As the sense of urgency surrounding urban education has intensified, the sheer size of many city schools has begun to be seen as a formidable obstacle to success.
While the typical big-city school still enrolls many hundreds and often thousands of students, scores of urban small schools have sprung up over the past decade through the breakup of existing schools and the establishment of new ones. Their aim is to create school communities in which teachers work closely with students and know them well, and where like-minded teachers are encouraged to innovate.
But relations between small schools and the systems to which they belong are rarely easy. On the contrary, they are typified by struggles by the schools for greater autonomy and counterpressure from district officials to adhere to standard accountability measures and otherwise play by the rules.
It is only natural then that the advent of charter schools would be seen by many advocates of small schools as an answer to their prayers. Opting out of the bureaucracy has inherent appeal for those who see it as a hindrance to doing right by their students.
"In my mind, the charter school is the end of the spectrum of the small-schools movement," said Seymour Fliegel, a former subdistrict superintendent in New York City who now works with small schools as a senior fellow at the Manhattan Institute, a conservative think tank.
But many others aren't so sure. For reasons related to both policy and politics--and that vary from city to city--many proponents of small schools are eyeing charter schools with suspicion.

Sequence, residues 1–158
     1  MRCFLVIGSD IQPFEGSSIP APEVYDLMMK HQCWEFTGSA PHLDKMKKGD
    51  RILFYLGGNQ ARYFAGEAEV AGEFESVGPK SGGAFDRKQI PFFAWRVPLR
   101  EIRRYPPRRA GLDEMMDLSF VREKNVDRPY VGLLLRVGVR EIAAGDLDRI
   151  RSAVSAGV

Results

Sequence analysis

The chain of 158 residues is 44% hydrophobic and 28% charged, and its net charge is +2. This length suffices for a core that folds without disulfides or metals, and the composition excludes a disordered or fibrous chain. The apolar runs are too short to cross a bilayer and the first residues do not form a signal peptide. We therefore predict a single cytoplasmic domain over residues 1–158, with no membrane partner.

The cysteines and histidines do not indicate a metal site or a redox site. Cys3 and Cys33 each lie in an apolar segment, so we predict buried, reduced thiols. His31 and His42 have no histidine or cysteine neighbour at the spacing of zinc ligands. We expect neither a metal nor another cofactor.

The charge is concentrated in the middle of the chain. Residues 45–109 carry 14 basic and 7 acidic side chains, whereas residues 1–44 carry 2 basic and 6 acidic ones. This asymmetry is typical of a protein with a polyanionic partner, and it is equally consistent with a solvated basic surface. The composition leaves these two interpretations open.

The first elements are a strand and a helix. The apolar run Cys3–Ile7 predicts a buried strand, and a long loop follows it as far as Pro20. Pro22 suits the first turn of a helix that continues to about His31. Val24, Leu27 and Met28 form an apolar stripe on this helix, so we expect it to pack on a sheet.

In some cases, that wariness stems from a sense that charters are a stalking-horse for private school vouchers and for-profit management of public schools. The most ardent charter school proponents in some states are conservatives who advocate both vouchers and privatization.
To left-leaning small-schools advocates, such associations can be distasteful, even though many Democratic politicians from President Clinton on down profess support for at least some sorts of charter schools. For others, reservations about charters stem from a determination to stimulate change within their school systems. Thus, some in the small-schools community see charter status as a form of selling out.
"The key question for the small-schools movement is how can you best be a significant player in creating change in large urban school districts across the country," said Daniel V. French, the executive director of the Center for Collaborative Education in Boston. The center represents a network of small "pilot schools" within that city's school system created as an alternative to the charter schools authorized by a 1993 state law.